Volume 396, Number 2, December III 2002
|Page(s)||L5 - L9|
|Published online||03 December 2002|
Letter to the Editor
The afterglow of GRB 021004: Surfing on density waves
Institute of Astronomy, University of Cambridge, Madingley Road, CB3 0HA Cambridge, UK
2 INAF – Osservatorio Astronomico di Brera, via Bianchi 46, 23807 Merate, Italy
Corresponding author: D. Lazzati, firstname.lastname@example.org
Accepted: 6 November 2002
We present a model for the early optical afterglow of GRB 021004. This burst had one of the earliest detected optical afterglows, allowing for a dense optical sampling. The lightcurve was peculiar, since bright bumps were superimposed to the regular power-law decay observed in many other events. We show that, given their time scale and shape, the bumps are likely due to the interaction of the fireball with moderate density enhancements in the ambient medium. The enhancements have a density contrast of order 10, modifying only slightly the dynamics of the fireball, which therefore surfs on them rather than colliding into them. A relativistic reverse shock does not develop. Since the interaction takes place when the fireball is still hyper-relativistic it is not possible to understand if the overdensities are localized in clumps or are spherically symmetric around the GRB progenitor. The monotonic decrease of the contrast of successive rebrightenings suggests however the presence of clumps embedded in a uniform environment. Such an interpretation, complemented by the detection of several high velocity absorption systems in the optical spectrum, strongly suggests that GRB 021004 exploded within the remnant of a previous explosion.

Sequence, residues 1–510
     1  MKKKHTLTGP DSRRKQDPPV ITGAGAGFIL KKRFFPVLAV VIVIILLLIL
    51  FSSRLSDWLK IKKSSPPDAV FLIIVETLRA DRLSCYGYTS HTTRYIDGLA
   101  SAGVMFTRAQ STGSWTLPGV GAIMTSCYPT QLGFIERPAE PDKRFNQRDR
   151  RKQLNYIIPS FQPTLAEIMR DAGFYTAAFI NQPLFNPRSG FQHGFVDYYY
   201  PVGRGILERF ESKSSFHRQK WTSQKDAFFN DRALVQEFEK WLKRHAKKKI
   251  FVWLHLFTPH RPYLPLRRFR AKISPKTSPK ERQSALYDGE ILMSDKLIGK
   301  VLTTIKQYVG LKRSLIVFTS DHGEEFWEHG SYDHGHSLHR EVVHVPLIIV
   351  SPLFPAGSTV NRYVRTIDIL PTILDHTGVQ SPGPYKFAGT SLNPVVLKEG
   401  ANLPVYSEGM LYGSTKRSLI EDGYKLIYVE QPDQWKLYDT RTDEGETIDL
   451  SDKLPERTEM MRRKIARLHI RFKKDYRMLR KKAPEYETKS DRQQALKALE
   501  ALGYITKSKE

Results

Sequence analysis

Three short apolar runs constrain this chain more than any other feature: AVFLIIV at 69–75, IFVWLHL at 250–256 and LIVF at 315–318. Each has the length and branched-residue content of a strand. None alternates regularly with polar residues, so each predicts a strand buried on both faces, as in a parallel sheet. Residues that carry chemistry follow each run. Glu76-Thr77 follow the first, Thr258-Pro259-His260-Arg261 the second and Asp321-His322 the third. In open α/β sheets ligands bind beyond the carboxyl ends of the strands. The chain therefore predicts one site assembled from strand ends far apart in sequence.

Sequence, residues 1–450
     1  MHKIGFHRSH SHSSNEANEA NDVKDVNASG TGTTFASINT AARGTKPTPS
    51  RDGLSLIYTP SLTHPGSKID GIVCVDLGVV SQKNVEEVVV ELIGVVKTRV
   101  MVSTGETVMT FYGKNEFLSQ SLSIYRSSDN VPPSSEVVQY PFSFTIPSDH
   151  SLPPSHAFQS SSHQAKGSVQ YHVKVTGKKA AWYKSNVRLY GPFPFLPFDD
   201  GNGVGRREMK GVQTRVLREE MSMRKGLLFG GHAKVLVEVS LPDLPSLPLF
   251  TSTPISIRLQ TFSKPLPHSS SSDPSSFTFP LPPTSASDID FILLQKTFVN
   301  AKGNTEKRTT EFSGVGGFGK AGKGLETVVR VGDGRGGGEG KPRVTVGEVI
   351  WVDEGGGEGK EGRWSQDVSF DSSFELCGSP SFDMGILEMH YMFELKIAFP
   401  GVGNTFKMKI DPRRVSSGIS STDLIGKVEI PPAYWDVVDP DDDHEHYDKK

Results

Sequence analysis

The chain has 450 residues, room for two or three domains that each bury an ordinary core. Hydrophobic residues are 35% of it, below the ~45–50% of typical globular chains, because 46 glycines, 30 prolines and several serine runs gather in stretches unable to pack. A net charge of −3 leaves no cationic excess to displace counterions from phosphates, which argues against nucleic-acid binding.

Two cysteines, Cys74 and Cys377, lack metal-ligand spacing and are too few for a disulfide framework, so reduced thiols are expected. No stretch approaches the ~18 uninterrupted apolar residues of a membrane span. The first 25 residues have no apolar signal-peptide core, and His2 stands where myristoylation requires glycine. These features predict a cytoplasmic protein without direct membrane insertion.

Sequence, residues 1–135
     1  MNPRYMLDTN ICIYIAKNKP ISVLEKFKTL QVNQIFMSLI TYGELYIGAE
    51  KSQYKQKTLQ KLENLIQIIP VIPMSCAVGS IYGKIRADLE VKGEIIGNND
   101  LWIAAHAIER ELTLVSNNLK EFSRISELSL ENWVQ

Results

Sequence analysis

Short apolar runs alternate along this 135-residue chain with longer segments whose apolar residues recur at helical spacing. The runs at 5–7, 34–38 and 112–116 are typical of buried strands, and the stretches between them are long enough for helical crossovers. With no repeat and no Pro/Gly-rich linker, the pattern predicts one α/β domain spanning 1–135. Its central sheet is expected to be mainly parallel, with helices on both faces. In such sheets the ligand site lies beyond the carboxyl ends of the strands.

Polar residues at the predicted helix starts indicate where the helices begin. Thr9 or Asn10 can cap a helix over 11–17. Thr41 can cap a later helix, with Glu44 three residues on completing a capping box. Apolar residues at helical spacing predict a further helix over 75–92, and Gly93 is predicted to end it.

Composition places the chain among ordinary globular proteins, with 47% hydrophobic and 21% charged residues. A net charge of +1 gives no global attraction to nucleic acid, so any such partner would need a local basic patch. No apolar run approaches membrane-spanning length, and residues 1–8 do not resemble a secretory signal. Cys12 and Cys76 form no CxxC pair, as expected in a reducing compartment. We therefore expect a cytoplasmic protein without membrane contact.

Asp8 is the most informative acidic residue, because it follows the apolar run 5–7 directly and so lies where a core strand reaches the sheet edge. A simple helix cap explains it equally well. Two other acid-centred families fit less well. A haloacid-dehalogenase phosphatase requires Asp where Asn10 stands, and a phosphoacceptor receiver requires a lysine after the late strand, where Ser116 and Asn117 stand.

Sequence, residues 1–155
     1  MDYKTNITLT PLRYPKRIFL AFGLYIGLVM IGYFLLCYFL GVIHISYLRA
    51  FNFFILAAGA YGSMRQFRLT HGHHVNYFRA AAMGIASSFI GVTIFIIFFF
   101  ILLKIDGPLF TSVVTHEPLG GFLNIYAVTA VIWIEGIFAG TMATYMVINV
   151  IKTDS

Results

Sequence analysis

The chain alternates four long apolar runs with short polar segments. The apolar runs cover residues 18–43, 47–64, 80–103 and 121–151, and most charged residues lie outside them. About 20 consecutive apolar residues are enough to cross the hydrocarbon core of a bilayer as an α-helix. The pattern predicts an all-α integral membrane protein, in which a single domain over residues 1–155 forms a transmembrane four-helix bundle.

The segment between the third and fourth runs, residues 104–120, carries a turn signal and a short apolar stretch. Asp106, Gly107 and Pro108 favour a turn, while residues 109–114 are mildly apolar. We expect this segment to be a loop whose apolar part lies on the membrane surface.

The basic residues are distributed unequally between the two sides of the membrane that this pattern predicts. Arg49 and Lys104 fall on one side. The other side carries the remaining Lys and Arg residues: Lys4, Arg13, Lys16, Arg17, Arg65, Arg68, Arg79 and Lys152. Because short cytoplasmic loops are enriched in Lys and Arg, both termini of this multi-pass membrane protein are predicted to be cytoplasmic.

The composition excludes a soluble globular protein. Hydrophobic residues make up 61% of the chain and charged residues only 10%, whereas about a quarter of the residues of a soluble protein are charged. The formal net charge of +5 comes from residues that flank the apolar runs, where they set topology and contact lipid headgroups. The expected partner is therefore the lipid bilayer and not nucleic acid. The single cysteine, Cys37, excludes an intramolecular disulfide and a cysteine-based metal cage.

Key words: gamma rays: bursts / radiation mechanisms: non-thermal / ISM: structure
© ESO, 2002
Current usage metrics show cumulative count of Article Views (full-text article views including HTML views, PDF and ePub downloads, according to the available data) and Abstracts Views on Vision4Press platform.
Data correspond to usage on the plateform after 2015. The current usage metrics is available 48-96 hours after online publication and is updated daily on week days.
Initial download of the metrics may take a while.